The negotiable value - including intangible value or "good will" - of a franchise depends on the terms of the franchise agreement. In addition, growth within a territory can lead to friction with existing franchisees. The addition of a new site near a franchisee can result in a tremendous overall revenue of the system (and thus an increase in royalties and other payments to the franchisor); but it comes at a price for the existing franchisee, who in a way becomes the newcomer`s competitor and risks reducing his income. If the discount is too great, the existing franchisee can leave the business. Nevertheless, for many reasons - management buyout, share transfer, dissolution of marriage, tax planning, etc. - the value of a deductible must be determined. The fact that a franchisor`s profits are less fluctuating, due to small variations in turnover, is an advantage and reduces the risk-taking of an investment in a franchisor. On the other hand, there are also risk factors that are significantly higher for franchisors than for other companies. Many of them are legal.
Franchisors may be vulnerable to collective action of various kinds, although the success rate in Canada has been poor to date.  Franchisors are also subject to a strict disclosure regime in many Canadian provinces; the failure to provide a proper duty-free disclosure document ("FDD") can be serious, as franchisees are potentially entitled to terminate their contracts and recover all costs and losses within the first two years of signing the franchise agreement. In my experience in quantifying these claims, the average bill to a franchisor is somewhere between $300,000 and $500,000, plus legal fees. Cambridge Partners is considered a leading authority in the valuation and valuation of the assets of franchised operations. The company has conducted portfolio and individual asset valuations of fast restaurants (QSR), hotels, auto repair, fast throughput, fitness center and much more. Excluding goods and equipment, the typical franchise comes from most of its revenues from its intangible asset franchise agreement. These agreements add value to their owner (the franchisee) by supporting sales and profits in the following way: despite the benefits offered by franchising, such as. B The consistency of the products, which customers can rely on, the restrictions imposed by the franchise agreement can reduce the value of a franchised business compared to comparable separate businesses. Franchise agreements, for example, generally limit deductibles to a defined geographic area, limit the products and services they can offer, and control the prices they charge. All of these restrictions can hinder a franchisee`s ability to grow and develop. When evaluating a franchise, evaluators are careful not to accept market multipliers without a precise analysis.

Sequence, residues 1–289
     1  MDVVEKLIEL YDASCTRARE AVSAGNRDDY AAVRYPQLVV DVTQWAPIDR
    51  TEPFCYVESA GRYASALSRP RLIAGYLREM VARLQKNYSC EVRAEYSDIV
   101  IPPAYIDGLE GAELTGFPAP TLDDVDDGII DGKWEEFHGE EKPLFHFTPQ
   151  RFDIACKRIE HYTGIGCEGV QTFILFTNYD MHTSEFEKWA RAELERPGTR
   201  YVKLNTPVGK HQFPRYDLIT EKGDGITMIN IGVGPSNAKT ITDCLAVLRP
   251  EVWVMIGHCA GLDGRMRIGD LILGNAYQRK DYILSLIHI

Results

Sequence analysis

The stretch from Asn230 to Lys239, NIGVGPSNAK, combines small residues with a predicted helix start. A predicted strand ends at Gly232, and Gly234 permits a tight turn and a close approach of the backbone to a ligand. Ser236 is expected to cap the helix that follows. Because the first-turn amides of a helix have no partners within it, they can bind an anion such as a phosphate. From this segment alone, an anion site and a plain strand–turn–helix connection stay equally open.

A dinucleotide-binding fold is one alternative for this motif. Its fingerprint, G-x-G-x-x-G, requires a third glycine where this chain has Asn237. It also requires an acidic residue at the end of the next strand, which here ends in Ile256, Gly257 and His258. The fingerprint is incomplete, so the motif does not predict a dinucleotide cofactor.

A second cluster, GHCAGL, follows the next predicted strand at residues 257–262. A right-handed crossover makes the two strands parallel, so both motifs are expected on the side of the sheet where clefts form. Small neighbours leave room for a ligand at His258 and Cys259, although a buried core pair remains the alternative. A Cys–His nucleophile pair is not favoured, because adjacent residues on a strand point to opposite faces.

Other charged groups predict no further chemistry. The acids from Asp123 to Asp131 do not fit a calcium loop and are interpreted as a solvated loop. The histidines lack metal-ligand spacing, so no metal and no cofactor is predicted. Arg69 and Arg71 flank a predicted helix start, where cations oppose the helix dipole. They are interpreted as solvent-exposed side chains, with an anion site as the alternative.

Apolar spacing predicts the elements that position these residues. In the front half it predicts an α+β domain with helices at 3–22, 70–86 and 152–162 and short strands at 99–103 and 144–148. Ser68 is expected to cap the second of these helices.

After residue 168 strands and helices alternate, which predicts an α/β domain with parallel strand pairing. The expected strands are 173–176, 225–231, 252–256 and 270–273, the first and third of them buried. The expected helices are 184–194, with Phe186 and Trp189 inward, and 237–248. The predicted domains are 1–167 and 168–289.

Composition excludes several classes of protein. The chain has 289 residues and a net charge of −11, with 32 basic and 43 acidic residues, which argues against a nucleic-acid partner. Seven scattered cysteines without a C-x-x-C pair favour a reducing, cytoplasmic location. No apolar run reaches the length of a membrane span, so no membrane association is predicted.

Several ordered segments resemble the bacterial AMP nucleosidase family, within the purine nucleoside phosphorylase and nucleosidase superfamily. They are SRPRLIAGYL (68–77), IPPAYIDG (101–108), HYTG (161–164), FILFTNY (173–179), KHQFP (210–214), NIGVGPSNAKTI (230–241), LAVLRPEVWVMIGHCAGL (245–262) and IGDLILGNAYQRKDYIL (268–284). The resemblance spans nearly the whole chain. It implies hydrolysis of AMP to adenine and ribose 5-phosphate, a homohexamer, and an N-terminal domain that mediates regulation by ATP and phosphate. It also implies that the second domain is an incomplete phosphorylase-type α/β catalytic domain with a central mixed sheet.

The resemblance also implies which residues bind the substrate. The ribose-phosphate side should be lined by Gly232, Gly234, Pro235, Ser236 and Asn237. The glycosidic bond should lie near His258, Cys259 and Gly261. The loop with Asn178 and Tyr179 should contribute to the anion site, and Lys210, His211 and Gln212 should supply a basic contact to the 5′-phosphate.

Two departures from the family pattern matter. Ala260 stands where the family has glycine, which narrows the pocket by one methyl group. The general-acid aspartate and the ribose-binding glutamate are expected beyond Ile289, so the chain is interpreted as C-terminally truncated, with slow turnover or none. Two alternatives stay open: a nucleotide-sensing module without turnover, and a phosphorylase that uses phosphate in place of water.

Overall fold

Multiples can serve as a rule of thumb and provide an estimate of the ball fleet of value, but as an indicator of real value, they are only as good as the underlying data. Multiples, based on actual sales of other franchises of the same franchisor, are the best indicators of value, but this data can be difficult to find. Franchising is one of the most common forms of business in Canada.